Saturday, June 23, 2007
“But now is Christ risen from the dead and become the first fruits of them that slept.”
- Paul the Apostle
(1 Corinthians 15:20)
THE fact of Christ’s resurrection is exceedingly well attested. It was necessary that it should be beyond dispute, since it lies at the very basis of our holy faith. It is consoling to think that it is so. For thus our foundation stands most secure. Our Lord was careful to show Himself after His resurrection to those who, having known Him before His decease, would be able to answer for the identity of His Person. Had He merely showed Himself to strangers who had not known Him before, they might have been able to say that they had seen such an one, but they could not have affirmed that He was the same person who had been buried.
...Dear Friends, ought not this view of death as a sleep, prevent our looking upon it in so repulsive a light? I know we like not to look at dead bodies—we are afraid to touch them. Some foolish people do not like to remain in the same house with a corpse, at least alone, or at night. There is a certain horror connected with the ruins of our earthly house. Did you ever feel horror at a sleeping child? Do you feel any sort of dread of your sleeping mother, or your slumbering husband or wife? Have you felt anything dreadful to draw back the curtain of the little cot and to gaze upon the sweet young face when the eyes are closed in happy sleep? Oh, why, then, should you think it dreadful to look upon the sleeping Believer’s brow?
True, there are marks of decay which are not pleasant to nature. But are they not the footprints of the retreating enemy and signs that the corruptible is passing away to make room for incorruption? Do not those very marks which mar the form indicate that the ragged smoke-blacked tent of Kedar is being pulled down so that the curtains of Solomon may glitter in their place, and that the soul may dwell there as in a fair pavilion? Oh, look not upon the departed as though they were dead, but speak of them as Christ did of His friend—“Our friend Lazarus sleeps.” Let the ears of your faith hear the Master say, “And I come that I may awake him out of his sleep.” Let not the grave seem more abhorrent to you than your bedchamber.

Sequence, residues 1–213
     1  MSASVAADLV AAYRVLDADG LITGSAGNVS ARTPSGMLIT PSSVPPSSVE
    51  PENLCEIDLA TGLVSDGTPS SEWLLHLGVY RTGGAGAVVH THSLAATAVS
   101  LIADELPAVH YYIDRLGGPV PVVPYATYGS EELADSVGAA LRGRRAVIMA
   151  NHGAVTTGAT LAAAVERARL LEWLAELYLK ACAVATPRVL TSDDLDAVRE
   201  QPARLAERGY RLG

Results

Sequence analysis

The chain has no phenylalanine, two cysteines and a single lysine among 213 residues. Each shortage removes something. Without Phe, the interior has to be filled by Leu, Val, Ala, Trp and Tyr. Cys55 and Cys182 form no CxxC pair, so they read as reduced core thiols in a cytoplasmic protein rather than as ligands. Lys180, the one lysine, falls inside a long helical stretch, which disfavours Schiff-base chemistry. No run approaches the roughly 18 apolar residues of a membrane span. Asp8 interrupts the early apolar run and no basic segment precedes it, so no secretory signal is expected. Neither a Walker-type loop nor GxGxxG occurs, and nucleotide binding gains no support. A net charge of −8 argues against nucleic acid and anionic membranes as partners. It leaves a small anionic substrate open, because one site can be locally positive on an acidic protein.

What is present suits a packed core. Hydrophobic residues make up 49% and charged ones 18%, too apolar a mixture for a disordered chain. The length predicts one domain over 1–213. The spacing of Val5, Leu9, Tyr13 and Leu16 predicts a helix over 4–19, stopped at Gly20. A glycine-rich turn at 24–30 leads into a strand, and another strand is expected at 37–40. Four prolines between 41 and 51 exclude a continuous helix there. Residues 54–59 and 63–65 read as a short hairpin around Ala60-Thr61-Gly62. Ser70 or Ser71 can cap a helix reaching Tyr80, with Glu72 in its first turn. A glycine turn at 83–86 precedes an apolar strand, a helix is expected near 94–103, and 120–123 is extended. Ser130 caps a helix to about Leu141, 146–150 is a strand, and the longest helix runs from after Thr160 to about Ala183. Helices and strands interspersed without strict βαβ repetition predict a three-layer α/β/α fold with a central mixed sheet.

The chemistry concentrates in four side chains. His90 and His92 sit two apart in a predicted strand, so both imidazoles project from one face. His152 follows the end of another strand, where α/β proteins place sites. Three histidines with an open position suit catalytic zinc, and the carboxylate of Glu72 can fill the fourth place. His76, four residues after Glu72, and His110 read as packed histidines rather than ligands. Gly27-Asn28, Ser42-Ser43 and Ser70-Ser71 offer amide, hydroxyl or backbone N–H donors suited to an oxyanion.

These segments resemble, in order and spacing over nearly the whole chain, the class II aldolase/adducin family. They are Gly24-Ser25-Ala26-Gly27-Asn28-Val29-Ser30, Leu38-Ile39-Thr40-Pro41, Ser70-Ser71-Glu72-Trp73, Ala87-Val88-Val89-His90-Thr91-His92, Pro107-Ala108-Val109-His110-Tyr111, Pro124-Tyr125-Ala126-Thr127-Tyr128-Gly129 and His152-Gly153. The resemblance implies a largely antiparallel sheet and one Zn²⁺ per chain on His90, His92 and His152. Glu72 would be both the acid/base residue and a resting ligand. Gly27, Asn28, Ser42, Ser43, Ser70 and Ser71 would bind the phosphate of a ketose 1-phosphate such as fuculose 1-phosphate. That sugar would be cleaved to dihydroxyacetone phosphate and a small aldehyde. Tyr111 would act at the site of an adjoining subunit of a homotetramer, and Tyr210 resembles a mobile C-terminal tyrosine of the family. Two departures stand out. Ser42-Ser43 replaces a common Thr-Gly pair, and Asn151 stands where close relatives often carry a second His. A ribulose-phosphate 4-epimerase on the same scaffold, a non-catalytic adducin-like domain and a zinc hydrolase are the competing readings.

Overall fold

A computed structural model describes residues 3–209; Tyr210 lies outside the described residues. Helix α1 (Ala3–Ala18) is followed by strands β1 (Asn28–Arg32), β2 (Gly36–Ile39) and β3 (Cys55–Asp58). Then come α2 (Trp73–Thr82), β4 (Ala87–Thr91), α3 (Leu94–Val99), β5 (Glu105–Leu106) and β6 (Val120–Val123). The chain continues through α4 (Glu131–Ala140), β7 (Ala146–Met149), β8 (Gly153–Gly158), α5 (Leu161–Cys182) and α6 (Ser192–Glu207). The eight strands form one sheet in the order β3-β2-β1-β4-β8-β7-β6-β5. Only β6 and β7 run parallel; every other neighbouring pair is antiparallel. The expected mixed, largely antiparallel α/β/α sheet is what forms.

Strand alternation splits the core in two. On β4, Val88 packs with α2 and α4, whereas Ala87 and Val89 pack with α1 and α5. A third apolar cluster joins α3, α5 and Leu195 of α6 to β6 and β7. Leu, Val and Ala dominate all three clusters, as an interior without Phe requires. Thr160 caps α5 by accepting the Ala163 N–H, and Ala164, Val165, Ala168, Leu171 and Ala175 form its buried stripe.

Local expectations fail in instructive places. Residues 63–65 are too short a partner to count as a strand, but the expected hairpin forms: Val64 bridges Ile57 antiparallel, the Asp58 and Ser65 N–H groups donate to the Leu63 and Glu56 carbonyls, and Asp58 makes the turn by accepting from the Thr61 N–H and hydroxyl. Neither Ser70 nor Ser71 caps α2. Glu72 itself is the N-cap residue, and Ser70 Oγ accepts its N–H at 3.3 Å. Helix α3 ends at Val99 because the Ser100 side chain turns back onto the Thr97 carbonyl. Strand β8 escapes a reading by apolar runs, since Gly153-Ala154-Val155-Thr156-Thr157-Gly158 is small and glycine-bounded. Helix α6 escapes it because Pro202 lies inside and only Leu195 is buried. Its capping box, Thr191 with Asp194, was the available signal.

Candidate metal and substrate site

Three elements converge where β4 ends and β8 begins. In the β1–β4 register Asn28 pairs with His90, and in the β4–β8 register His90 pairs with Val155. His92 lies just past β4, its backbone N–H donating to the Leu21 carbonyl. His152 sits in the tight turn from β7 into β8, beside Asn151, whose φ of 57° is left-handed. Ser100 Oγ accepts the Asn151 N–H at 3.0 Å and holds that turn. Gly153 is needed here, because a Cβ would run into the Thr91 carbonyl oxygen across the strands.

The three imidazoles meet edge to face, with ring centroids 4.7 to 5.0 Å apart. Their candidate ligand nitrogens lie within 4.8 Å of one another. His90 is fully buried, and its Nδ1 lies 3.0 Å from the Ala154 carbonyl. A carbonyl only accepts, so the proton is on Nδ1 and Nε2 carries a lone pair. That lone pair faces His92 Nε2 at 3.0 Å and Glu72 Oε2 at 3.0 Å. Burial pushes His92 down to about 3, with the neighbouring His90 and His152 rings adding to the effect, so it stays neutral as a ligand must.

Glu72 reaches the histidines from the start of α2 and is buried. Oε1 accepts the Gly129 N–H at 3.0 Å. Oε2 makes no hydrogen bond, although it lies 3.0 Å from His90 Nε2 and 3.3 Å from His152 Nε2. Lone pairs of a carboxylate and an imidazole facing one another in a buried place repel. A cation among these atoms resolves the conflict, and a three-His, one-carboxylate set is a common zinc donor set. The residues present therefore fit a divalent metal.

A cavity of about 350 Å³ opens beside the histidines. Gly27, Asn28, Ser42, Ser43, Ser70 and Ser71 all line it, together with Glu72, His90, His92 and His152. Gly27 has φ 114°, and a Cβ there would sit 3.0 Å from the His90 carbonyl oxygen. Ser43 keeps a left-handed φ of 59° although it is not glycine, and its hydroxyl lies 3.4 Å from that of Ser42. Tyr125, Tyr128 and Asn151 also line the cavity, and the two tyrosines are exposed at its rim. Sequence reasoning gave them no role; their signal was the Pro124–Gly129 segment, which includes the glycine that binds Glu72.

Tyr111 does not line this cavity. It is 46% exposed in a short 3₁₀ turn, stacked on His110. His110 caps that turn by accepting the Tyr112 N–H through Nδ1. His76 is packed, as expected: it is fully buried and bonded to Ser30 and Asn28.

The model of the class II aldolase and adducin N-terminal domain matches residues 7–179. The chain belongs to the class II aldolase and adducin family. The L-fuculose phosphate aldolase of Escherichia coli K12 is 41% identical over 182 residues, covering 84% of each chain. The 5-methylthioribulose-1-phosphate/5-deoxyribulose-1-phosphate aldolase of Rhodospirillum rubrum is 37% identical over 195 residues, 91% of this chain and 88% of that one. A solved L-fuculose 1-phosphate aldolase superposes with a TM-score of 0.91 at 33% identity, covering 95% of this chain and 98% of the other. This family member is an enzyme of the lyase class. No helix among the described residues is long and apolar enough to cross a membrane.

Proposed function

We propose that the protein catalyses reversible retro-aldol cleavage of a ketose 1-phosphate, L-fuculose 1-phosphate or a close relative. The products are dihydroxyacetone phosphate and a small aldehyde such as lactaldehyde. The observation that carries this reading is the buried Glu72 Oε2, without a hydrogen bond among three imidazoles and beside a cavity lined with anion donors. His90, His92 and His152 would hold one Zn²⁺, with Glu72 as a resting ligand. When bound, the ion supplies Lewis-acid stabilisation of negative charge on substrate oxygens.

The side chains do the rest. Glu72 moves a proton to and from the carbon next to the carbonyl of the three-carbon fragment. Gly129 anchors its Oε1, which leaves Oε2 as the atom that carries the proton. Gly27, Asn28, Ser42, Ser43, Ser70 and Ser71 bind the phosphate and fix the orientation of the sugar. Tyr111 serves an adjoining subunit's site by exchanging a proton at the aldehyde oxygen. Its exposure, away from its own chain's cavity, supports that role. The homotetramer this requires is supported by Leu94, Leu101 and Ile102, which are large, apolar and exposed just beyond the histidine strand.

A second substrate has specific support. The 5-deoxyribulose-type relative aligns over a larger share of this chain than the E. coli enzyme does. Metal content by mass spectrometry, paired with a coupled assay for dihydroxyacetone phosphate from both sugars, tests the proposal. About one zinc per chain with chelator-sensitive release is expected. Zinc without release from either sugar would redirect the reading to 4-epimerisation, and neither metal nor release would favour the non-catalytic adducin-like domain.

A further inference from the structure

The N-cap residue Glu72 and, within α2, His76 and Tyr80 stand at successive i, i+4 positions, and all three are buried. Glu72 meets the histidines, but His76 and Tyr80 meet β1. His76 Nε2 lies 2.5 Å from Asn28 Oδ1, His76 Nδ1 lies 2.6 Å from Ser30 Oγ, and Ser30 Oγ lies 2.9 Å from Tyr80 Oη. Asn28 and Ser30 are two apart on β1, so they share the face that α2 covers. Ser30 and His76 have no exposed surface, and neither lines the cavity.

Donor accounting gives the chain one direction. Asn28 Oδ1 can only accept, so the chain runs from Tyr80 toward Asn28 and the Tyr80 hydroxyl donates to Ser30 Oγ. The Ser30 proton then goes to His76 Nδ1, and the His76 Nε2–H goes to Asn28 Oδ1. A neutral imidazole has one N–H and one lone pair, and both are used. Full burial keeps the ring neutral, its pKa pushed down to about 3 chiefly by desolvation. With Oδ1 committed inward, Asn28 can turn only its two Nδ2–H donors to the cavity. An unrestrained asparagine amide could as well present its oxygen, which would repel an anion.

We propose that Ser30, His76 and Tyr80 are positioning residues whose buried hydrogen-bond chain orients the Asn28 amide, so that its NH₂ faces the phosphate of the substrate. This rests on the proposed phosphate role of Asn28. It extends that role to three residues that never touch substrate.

Let there be, by no means, such a view of the death of the redeemed as to wish them back again. Would you wish, when your friend has long been in excruciating pain, and at last falls into sleep, to shake him in his bed, to awake him, to tell him some idle tale? No. You have been watching for hours and you have said, “Oh, that he could have a little sleep! Doctor! Can you not give some sleep to this poor tortured frame?” And at last you have said, “Thank God, his eyelids drop. Speak softly. Tread lightly. He sleeps!” And you have been afraid even to let your foot fall upon the ground, lest you should awaken him.
And what? After all the pain, the suffering, the temptation and the trial of your friends, do you wish to awake them? Rather I think you should say, “I charge you, O you daughters of Jerusalem, that you ask not that he should be stirred up or awakened until Jesus please. Let him sleep on while the night lasts, and then, at the trump of the archangel, and the voice of God, he shall wake in the morning when the sun has risen upon the earth!
- C. H. Spurgeon